In a recent public outing, a former Chief Justice of Nigeria, Justice Aloma Mariam Mukhtar, sated that the rising culture of lobbying to influence appointments in the judiciary is capable of destroying the integrity of the judiciary if steps were not taken to curb it. Justice Mukhtar described as sad the negative impact of lobbying, favouritism and god-fatherism in the appointment of judicial officers.
Before one begins to wonder if there are no set rules guiding appointments of officers in the judiciary, it is instructive to note that in June 1998, the Commonwealth Parliamentary Association, the Commonwealth Legal Education Association, the Commonwealth Magistrates’ and Judges’ Association and the Commonwealth Lawyers’ Association held a conference at Latimer House, Buckinghamshire, United Kingdom. The conference drew a set of guidelines governing relations between the executive, legislature and the judiciary in the promotion of good governance, the rule of law and human rights.
At the Commonwealth Heads of Government meeting held in Abuja in December 2003, the heads of government fully endorsed the recommendations of their Law Ministers on the Latimer Guidelines, which specify the Commonwealth principles on the accountability of and relationship between the three branches of government.
In Nigeria, the judiciary has assured in several fora that it has made significant progress by not only complying with the Latimer House Principles but also with the Bangalore Principles as well. It insisted that these have formed an important part of the ethical character that underpins the operation of the Nigerian courts. The commitment to higher ideals of impartiality, propriety, diligence and competence, among others, the judiciary boasted, are no longer mere watchwords but actual standards that the nation’s Judges have to attain.
The Latimer House Principles insist that an independent, impartial, honest and competent judiciary is integral to upholding the rule of law, engendering public confidence and dispensing justice. Indeed, Value 6 of the Bangalore Principles states that competence and diligence are prerequisites to the due performance of any judicial office. To secure these aims, judicial appointments should be made on the basis of clearly defined criteria and by a publicly declared process. The process should ensure equality of opportunity for all who are eligible for judicial offices and appointments on merit. Judges should be subjected to suspension or removal only for reasons of incapacity or misbehaviour that clearly renders them unfit to discharge their duties. These are what member countries are expected to imbibe.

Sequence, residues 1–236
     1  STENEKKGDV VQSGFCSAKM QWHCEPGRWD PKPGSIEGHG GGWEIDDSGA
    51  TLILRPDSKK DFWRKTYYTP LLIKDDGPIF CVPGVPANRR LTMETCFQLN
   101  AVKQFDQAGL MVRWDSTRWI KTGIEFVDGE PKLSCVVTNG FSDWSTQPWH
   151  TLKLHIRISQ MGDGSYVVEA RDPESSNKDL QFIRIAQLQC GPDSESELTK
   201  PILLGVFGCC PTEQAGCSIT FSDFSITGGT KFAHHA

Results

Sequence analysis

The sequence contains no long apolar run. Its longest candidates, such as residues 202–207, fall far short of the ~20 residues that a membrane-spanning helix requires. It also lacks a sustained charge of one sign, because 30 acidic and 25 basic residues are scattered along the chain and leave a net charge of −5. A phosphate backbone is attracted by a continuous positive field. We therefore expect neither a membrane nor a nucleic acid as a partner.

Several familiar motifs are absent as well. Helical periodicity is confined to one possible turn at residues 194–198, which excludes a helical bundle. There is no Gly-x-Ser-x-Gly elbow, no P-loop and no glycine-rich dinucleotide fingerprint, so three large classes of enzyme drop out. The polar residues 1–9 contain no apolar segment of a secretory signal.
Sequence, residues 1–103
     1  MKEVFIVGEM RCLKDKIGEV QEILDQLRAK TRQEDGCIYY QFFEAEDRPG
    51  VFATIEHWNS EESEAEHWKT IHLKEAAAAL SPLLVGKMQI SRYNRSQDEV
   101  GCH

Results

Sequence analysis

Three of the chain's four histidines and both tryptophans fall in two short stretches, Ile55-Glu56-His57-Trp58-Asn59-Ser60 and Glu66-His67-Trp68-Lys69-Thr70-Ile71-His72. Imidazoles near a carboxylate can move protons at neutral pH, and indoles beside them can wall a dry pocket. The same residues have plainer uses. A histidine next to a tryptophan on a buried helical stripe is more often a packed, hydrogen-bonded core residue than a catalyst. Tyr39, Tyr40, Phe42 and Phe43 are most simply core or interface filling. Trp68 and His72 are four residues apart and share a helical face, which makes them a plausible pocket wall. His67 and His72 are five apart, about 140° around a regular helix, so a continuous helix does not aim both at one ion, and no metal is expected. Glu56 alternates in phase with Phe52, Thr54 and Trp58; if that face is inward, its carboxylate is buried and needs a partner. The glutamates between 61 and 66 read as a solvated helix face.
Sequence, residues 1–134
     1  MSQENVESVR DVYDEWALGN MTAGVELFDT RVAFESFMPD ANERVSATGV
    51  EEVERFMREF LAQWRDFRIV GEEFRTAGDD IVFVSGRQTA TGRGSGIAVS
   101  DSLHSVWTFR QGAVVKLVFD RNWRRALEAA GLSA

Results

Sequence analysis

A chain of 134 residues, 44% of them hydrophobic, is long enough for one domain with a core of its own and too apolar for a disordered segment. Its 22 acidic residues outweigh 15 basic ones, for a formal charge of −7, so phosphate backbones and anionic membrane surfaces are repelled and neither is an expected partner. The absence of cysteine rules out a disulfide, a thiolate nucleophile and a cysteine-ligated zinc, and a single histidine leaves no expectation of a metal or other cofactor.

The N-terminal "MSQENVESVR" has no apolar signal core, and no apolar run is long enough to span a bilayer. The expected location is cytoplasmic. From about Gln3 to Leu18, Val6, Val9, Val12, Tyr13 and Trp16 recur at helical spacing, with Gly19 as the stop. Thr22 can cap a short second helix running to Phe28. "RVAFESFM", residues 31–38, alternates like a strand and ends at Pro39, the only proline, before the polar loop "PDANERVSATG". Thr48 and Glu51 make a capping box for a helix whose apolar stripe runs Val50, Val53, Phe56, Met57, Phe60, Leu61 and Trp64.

The National Judicial Council (NJC), the apex body of the nation’s judiciary, is one of the Federal Executive Bodies created by Section 153 of the 1999 Constitution as amended. The Council is vested with enormous powers and functions, which no such institution in the 1979 Constitution or any other previous Constitution had.
By the provision of Paragraph 21 of Part One of the Third Schedule to the 1999 Constitution, NJC is empowered to recommend to the president or governors from among the list of persons submitted to it by the Federal Judicial Service Commission (FJSC), Judicial Service Committee of the FCT and State Judicial Service Commissions, for appointment as Justices, Judges or Kadis of all the superior courts of record in the country. According to the NJC new guidelines on appointments, the council however interviews all candidates, Kadis, Judges, Justices for appointment to all superior courts of record to allow for competition among candidates and transparency in the selection mechanism for judicial appointments.
It is sad that despite all these rules and guidelines, lobbying, favouritism and god-fatherism still play major roles in the appointment of judicial officers in the country. This has been argued to be a norm in pluralistic, ethno-religious and democratic society like Nigeria. This is particularly so because unlike the Executive and Legislature that, in most cases, appoint their personnel and officers solely by themselves, all judicial officers’ appointment involve all the three arms of government.
We agree with Justice Mukhtar that if what held sway in the past must be revived, which is maintaining a strong and competent judiciary, then merit should be the watchword. We share the view for a change in the criteria for the appointment of judicial officers in Nigeria and therefore urge the NJC to begin to implement the 2014 Revised NJC Guidelines and Procedural Rules for the Appointment of Judicial Officers of all Superior Courts of Record in Nigeria.
It is worthy of note that part of the reform of the current CJN, Justice Walter Onnoghen, who doubles as the chairman of NJC is to ensure that the overall appointment procedure maintains the institutional integrity of the judicial appointment process so that only the most competent persons are elevated.
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